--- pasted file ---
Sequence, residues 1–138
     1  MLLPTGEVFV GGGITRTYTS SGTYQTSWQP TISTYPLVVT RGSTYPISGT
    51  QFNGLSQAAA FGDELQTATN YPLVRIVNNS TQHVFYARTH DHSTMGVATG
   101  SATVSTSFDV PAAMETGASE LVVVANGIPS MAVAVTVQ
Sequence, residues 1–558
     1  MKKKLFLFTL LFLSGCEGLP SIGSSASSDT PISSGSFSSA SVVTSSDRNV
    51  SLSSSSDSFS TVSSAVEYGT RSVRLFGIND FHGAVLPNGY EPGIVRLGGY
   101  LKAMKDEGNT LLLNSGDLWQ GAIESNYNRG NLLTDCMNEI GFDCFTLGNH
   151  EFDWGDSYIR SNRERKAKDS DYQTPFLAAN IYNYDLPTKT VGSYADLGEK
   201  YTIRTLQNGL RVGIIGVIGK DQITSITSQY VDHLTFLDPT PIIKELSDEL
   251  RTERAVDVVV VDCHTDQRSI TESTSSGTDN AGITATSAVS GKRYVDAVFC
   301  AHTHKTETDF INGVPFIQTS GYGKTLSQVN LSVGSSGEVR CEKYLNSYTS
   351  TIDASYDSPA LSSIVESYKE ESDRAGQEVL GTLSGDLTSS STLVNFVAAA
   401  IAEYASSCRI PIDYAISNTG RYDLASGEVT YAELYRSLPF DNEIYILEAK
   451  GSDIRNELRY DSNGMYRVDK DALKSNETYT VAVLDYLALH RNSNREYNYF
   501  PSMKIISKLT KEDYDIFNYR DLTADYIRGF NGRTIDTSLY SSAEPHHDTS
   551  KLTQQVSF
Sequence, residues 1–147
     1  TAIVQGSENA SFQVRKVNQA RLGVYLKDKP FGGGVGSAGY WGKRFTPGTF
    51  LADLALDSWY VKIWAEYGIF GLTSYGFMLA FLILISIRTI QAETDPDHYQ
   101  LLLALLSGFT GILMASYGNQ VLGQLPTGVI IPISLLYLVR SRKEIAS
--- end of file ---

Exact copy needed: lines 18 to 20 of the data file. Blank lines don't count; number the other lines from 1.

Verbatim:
Sequence, residues 1–147
     1  TAIVQGSENA SFQVRKVNQA RLGVYLKDKP FGGGVGSAGY WGKRFTPGTF
    51  LADLALDSWY VKIWAEYGIF GLTSYGFMLA FLILISIRTI QAETDPDHYQ